Sheena Patel, an epidemiologist from the Riverside County Office of Public Health, spoke on the Zika virus epidemic at the Hot Spot lecture of the Wednesday.
Patel studies the patterns, causes and the effects of diseases in large populations.
“There is a lot of misinformation and I thought it was good just for us to get some clarity as a community,” said Gitty Amini, associate professor of political science and international studies institute director.
The Zika virus is transmitted mainly by mosquito bites, but can also be sexually transmitted.
Pregnant women who are infected with the virus can have children born with a birth defect called microcephaly which causes a baby’s head to be significantly smaller than normal.
Because the Aedes mosquito species that carries the virus can be found in Southern California, Zika is a local concern.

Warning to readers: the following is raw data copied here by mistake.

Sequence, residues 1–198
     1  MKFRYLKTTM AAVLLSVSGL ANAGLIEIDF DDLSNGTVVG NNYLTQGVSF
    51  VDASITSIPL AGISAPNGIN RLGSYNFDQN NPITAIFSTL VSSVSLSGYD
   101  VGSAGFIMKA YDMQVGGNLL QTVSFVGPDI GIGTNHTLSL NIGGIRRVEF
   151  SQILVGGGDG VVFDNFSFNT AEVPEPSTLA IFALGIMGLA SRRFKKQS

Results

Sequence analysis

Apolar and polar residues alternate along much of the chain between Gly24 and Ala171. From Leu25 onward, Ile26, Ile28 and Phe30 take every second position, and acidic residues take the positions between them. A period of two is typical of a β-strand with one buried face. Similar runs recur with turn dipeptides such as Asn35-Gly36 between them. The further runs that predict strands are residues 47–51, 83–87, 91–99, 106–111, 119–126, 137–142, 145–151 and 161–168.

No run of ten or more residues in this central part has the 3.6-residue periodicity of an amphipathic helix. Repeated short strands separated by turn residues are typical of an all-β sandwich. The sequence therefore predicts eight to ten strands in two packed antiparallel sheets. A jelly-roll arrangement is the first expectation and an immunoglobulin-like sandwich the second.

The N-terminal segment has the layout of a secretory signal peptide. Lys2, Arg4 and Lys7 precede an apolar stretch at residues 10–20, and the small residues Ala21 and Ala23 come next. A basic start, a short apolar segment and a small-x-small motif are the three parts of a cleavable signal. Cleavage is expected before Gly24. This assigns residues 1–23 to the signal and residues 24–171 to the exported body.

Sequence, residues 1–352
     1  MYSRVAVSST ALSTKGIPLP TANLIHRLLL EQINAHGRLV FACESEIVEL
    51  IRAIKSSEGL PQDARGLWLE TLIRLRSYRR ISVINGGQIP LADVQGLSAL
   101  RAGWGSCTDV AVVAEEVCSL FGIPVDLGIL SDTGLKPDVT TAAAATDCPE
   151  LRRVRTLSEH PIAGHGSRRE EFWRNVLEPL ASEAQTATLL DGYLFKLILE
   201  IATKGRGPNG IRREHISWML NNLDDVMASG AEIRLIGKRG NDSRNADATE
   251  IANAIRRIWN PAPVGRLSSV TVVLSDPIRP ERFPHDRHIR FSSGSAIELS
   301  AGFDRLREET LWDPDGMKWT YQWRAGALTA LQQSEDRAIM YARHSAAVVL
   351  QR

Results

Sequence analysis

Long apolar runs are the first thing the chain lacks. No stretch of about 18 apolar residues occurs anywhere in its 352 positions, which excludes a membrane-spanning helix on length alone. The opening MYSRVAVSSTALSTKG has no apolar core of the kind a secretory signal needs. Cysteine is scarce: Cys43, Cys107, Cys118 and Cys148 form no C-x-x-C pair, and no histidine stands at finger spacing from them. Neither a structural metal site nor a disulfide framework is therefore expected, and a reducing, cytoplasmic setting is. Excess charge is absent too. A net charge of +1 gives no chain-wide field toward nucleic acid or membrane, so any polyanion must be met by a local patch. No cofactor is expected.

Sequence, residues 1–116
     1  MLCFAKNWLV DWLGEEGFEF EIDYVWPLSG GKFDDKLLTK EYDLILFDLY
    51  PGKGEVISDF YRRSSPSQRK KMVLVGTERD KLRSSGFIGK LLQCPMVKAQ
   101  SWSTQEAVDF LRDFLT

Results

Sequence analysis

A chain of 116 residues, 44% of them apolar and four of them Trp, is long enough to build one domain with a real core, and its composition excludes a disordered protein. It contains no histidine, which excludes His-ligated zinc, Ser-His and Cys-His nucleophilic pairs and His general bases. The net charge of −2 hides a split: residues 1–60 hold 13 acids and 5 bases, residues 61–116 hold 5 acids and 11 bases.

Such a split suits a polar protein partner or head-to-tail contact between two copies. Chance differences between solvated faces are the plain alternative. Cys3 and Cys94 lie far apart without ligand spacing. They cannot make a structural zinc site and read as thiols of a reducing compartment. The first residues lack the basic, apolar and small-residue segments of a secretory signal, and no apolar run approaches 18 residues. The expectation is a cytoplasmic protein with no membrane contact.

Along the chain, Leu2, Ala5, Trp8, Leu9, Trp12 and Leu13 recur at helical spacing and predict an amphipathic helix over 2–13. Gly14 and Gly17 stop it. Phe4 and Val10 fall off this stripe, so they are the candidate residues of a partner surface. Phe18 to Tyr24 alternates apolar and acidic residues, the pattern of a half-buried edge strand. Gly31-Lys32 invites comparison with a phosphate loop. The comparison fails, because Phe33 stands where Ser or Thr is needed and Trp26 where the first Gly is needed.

“The main goal is to just focus on prevention because there is no cure yet,” Patel said.
Eliminating standing water will help prevent mosquitoes from laying eggs. Patel said to frequently change dog bowls and make sure pool filters are run weekly.
The Zika virus can last in the bloodstream for seven days, but symptoms may not show for three to seven days.
“I was happy to hear the hysteria in the media is not really warranted,” junior political science major Joanna Mrsich said.
Patel recommends researching the virus through the Centers for Disease Control where more detailed information can be found.
Zachary Rodriguez can be reached at firstname.lastname@example.org.